She said her two younger sisters, Lorna Thiessen, and Rosella Carney, have been helping her.

Carney, 70, said members of Bird’s family are still very hurt about what happened to her and are very emotional. 
She said it’s very hard for them to handle that.

She said it’s affecting her sister, Marlene’s mother. 

“There’s a lot of stress emotionally, and physically, mentally. Stress that’s upon her.”

Carney said there have been a lot of people supporting Toles, giving her hugs and praying with her, “and trying to bring her out; not always dwelling on the problem, but her well-being as well, to try to be, you know, as cheerful as she can.”

Carney herself will be heading to Edmonton on Friday. Carney lives outside of La Ronge in Molanosa, Sask. with her husband and cares for her granddaughter. She said she isn’t visiting as often now because her niece needs rest.

“I’m just kind of hoping that there’ll be a time when she can talk, because as of now, she’s not talking. So, I’d like to talk with her and hear her talk.”

When she first visited Bird, she spoke to her and let her know that she was there, not knowing if she would here. 

She said her niece opened one of her eyes and nodded her head when asked if she could see Carney.

“So, I said, ‘I just came to tell you I love you.’ And she kind of moved her lips.”

When Carney first heard about her niece’s assault, she was en route to Prince Albert. She received a phone call from Bird’s sister, Shirley.

“And that was a sudden thing, because I’m behind the wheel and I get this message from her sister and she’s crying and says Marlene was assaulted and she’s in Saskatoon, got her foot amputated and she’s going on and on, and it was hard for me to comprehend all this and soak it in. And even when I arrived in PA, I’m saying ‘what are all those yellow ribbons doing over there.’ It didn’t occur to me that this is where it happened.”

She described her disbelief and heavy heart after she heard the news. She said Shirley and Marlene were close, and their two other sisters died years before.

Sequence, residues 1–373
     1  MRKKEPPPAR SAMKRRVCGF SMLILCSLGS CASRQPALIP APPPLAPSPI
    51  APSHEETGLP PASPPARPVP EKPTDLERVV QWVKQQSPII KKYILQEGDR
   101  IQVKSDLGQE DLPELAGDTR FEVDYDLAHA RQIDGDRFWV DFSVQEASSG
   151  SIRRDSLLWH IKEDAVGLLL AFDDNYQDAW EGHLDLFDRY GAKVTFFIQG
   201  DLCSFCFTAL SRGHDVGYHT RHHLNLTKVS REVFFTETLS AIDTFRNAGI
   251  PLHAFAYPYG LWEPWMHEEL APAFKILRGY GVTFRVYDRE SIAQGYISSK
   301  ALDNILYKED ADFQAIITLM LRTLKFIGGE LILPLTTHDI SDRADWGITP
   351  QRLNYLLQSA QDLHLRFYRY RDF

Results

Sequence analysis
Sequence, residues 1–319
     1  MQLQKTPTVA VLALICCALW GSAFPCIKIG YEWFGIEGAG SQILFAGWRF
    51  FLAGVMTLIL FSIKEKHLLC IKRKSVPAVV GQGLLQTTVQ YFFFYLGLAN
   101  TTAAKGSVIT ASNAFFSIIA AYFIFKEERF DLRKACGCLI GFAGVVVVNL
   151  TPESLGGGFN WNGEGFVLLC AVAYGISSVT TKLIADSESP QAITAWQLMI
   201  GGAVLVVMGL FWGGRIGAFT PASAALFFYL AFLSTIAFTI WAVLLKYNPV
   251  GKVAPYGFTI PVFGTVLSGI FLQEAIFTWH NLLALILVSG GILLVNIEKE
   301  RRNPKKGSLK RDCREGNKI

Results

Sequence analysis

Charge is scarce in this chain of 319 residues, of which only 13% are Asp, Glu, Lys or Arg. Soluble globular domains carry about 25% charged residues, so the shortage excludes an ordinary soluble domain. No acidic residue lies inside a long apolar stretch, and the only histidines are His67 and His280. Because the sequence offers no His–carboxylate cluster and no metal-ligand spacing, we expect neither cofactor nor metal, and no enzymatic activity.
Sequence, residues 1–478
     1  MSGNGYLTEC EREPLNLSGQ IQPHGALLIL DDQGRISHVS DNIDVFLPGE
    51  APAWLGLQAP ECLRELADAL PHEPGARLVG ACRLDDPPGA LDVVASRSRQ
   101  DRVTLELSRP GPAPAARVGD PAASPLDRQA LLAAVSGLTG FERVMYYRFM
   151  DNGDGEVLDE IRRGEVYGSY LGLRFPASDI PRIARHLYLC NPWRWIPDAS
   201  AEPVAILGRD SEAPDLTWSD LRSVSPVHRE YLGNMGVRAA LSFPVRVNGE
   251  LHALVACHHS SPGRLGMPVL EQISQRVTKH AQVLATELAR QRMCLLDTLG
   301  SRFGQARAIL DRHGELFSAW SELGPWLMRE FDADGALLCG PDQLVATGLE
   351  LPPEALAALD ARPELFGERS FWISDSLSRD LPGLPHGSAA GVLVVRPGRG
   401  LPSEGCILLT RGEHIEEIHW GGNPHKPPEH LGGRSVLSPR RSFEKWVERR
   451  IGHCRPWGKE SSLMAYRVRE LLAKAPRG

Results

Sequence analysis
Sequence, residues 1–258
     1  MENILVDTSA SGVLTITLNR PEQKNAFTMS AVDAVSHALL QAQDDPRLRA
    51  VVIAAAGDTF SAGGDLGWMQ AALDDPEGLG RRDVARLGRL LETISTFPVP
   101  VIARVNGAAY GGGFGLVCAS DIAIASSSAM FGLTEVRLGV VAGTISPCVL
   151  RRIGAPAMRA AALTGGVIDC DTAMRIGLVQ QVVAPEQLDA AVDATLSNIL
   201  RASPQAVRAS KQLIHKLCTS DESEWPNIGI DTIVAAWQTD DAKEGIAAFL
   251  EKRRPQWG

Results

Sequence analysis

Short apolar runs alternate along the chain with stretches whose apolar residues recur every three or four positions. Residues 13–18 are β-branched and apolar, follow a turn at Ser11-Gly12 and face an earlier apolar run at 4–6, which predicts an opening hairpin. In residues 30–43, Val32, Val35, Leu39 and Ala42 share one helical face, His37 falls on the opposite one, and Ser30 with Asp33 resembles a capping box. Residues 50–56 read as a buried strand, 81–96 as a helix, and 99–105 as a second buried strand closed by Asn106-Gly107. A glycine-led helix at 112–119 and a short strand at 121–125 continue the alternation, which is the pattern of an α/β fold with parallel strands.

Carney said Shirley sent her a text the day before Thursday’s walk, saying that Marlene is her “only sister.”

“She’s taking it very hard. She was close to Marlene.”
Marlene and Shirley Bird’s sisters died after struggling with alcohol abuse, according to Carney. “There’s this bondage that’s been passed on from the generational curses of the forefathers of alcoholism that’s been passed on and usually nobody can do anything about it unless God breaks this curse of bondage.”

Carney’s nephew, Earl Clarke, who is also a cousin of Bird, hasn’t been out to see her, but has known her for years. He said that she had alcohol addictions, but she never had a bad word to say about anyone.

He said his cousin was friendly all the time. “Maybe that’s part of the problem. You know, maybe she got to know the wrong people.”

Carney said her sisters, Thiessen and Toles, have told her that Bird is doing better and they couldn’t see the stitches in her face anymore. The swelling has also gone down.

“In spite of that, I don’t know how really she’s taking it because she [has] her legs missing. But I believe she’s grateful to be alive, because by the grace of God, she’s alive.”

The family hasn’t had a lot of discussion about the plan for Bird’s care after she leaves the hospital, and Carney said everything is up in the air for family members.

“It’s a daily thing, like daily planning. We can only live for today. We don’t know what tomorrow holds.”

More support for Marlene Bird

Organizers of the Facebook group “A Day for Marlene” are encouraging communities to come together on July 12 and have a “massive day of fundraising.”

In Calgary, there will be a fundraising event on June 27 aimed at raising money towards a wheelchair for Bird. 

As well, La Ronge resident JC Fafard will be donating one of his classic cars for an auction in which all of the proceeds will go towards the YWCA’s fund for Marlene Bird.

On Twitter: @thiajames
Related News: 

Please remember Marlene in your prayers.

If you would like to send Marlene a card or a note, here is the address.

University of Alberta Hospital - 8440 112 Street 

NW, Edmonton, Alberta, T6G 2B7 

Telephone: 780-407-8822.